PMPRB Panel – CAHR Market Access 201: Parallel or Intersecting Paths – Future of Public and Private Reimbursement in Canada

June 27, 2017
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Topic 1: PMPRB Panel

 

On Tuesday, June 13, 2017, the Canadian Association for Healthcare Reimbursement (CAHR) held its Market Access 201 conference in Toronto. The theme for this conference was Parallel or Intersecting Paths, the Future of Public and Private Reimbursement in Canada which consisted of five engaging panels focusing on key topics of interest to the Canadian pharmaceutical stakeholders. Over the coming weeks, MORSE will be releasing summaries for each panel to share key learnings from this conference. With the June 28th conclusion of the Health Canada regulatory consultations on the Patented Medicines Regulations, our first summary focuses on the Patent Medicine Prices Review Board (PMPRB).

Session Topic: Patented Medicine Prices Review Board (PMPRB)

Description: This panel focused on the PMPRB’s Guidelines Modernization initiative and regulatory changes that may impact the PMPRB. There was a presentation from a PMPRB representative and some perspective from a pricing expert on its implications to manufacturers. Given the increasing interest of private payers on PMPRB’s activities, a private payer representative also provided some viewpoints on changes at the PMPRB.

Speakers:

 

Joan McCormick, Principal, Price Regulation, Consulting, QuintilesIMS

Anjila Arora, Director, Pharmaceutical Benefits, Sun Life Financial

Tanya Potashnik, Director, Policy and Economic Analysis Branch, Patented Medicine Prices Review Board (PMPRB)

John-Paul Dowson, Managing Director, Roubaix Strategies (MODERATOR)

Summary:

 

Joan McCormick (QuintilesIMS)

  • The current Minister of Health was given her mandate by Justin Trudeau which included the idea to make drugs more affordable and reduce the costs for Canadians.
  • Before the Liberals took power, the conservatives arrived at the conclusion that the PMPRB needed to be strengthened
  • PMPRB argues Canadian prices are high even relative to high priced international comparators
  • International comparisons are complicated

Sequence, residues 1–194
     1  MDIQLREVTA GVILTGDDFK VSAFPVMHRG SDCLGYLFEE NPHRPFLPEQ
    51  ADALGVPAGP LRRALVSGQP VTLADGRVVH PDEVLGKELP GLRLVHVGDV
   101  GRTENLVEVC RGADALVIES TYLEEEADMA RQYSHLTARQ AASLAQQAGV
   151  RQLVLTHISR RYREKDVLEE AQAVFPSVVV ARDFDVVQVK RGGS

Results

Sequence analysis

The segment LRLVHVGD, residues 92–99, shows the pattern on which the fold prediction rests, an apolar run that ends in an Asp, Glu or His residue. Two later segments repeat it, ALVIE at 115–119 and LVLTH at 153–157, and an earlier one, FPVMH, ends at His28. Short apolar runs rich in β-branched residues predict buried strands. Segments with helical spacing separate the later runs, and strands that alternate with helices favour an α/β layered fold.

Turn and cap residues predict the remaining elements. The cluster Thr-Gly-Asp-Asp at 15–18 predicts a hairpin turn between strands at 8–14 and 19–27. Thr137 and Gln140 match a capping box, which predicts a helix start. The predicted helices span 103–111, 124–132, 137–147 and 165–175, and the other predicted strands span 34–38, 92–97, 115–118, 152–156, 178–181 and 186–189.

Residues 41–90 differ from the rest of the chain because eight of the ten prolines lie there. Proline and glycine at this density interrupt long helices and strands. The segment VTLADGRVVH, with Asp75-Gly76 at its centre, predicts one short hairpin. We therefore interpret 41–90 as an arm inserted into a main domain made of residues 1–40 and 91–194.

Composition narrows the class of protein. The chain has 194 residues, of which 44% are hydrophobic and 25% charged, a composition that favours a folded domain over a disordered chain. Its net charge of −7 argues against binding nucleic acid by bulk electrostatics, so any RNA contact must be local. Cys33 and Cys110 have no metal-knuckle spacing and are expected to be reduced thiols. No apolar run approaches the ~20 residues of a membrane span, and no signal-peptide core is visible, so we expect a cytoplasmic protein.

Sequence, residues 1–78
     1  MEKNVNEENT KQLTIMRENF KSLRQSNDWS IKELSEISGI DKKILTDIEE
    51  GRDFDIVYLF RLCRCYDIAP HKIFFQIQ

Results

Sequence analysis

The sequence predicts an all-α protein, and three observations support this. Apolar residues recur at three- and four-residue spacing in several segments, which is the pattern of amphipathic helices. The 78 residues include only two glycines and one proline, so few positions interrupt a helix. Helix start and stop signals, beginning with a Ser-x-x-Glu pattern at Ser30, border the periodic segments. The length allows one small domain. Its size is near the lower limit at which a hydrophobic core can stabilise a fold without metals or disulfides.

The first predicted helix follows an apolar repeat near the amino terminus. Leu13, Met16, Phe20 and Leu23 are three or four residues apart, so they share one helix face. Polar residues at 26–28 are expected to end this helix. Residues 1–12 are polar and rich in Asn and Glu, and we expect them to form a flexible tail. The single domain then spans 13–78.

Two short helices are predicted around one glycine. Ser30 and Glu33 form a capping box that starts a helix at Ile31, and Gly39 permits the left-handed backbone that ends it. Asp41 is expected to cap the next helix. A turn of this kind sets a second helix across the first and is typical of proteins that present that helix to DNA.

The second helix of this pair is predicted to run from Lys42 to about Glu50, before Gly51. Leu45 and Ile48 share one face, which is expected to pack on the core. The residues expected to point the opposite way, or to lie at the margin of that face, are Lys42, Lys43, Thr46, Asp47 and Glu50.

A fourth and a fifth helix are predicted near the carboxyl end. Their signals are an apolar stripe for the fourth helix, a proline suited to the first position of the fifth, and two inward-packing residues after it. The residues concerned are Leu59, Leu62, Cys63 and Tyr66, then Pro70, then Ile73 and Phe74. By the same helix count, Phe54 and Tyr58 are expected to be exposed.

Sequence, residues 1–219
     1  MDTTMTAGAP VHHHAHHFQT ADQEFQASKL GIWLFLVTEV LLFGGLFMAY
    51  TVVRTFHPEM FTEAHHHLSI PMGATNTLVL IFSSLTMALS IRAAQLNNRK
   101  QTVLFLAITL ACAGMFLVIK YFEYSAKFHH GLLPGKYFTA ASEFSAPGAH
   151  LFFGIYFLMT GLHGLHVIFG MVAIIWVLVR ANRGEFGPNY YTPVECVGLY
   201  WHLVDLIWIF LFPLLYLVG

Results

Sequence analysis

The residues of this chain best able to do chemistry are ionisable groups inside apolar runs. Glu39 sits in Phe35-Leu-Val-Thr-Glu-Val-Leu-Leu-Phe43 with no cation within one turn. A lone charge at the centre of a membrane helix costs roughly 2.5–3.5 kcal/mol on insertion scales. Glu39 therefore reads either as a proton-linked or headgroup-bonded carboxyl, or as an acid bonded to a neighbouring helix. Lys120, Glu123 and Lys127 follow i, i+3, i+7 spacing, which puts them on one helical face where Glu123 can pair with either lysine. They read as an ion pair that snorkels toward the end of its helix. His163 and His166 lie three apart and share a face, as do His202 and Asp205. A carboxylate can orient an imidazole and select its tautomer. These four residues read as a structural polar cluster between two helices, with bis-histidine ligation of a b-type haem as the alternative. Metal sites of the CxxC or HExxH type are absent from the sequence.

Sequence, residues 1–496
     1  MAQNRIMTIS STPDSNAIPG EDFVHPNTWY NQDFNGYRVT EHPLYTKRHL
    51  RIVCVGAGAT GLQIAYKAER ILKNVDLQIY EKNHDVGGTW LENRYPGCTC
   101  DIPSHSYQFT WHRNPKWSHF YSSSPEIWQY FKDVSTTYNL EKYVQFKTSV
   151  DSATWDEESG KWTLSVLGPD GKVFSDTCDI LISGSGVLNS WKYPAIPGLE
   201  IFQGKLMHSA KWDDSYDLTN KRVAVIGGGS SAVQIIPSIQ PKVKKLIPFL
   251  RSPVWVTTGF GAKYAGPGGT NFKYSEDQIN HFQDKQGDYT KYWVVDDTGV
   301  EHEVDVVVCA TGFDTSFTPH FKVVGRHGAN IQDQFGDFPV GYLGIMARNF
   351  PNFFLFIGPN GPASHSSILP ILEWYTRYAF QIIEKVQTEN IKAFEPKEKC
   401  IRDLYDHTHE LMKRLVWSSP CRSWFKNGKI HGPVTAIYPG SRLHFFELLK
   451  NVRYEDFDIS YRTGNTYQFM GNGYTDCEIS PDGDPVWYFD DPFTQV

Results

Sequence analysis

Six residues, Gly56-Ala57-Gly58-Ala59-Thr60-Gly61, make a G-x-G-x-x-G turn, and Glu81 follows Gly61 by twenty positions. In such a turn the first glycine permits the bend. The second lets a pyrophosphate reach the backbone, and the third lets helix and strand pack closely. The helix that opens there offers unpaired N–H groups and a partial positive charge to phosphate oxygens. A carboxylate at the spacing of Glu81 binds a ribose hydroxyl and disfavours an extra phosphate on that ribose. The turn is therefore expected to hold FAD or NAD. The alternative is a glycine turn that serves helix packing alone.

• The Minister of Health is firmly committed to getting prices down and wants to save public and private payers billions of dollars
  • $700 million dollars saved by pCPA and has had tremendous impact on the healthcare system
  • The Minister is aiming for savings larger than pCPA
  • PMPRB, for the first time, was included in the Federal Budget
  • Hierarchy of legislation, regulation and guidelines
    • Constitution -> Patent Act -> Patented Medicines Regulations -> Guidelines
    • The first three have the force of law and guidelines are not binding, but they give us the rules of the road
    • The guidelines are not law but can be changed through consultation.
  • PMPRB has just wrapped up the Soliris hearing
    • Labelled by some as the most expensive drug in the world
    • $500,000 – $700 000 per patient per year for a chronic illness
    • Initially, Board said yes and later on with exchange rate the price tripped a wire
    • The hearing attracted considerable attention
      • The provinces participated in the hearing
      • CLHIA also participated
    • Discussion around PMPRB because Solaris didn’t break the rules when it was first marketed in Canada
    • The PMPRB’s mandate did not allow it to investigate it from the get go
  • PMPRB says that the limited number of regulatory tools, high price comparator countries and non-transparent pricing have limited its ability to effectively regulate prices in Canada

Anjila Arora (Sun Life)

  • Sun Life offers insurance to over 19,200 employers or 4.9 million Canadians and reimbursed $2.5 billion dollars of prescription drug claims in 2016
  • Drug spending has been increasing over the years – particularly for specialty drugs (28% in 2016 vs. 20% in 2012)
  • Why are we seeing this increase in specialty drug spending?
    • Affecting those with low utilization and high utilization
    • Low prevalence such as rare disease
    • High utilization – high duration and prevalence
  • Generic substitution did not initially have high uptake and now has a 90% adoption rate
  • Other drug solutions such as drug cards, prior authorization, provincial integration, pay direct offer limited controls to spending
  • Sun Life supports the modernization of the PMPRB
  • Traditionally our system has operated in silos, and over the last several years we have seen more integration, and that is the change we need to continue

Tanya Potashnik (PMPRB)

  • Canada has been described as a fragmented system with regard to drug pricing. Publicly funded health care system that does not include universal drug coverage. The PMPRB at a federal level derives authority through the Patent Act and regulate ex-factory price ceilings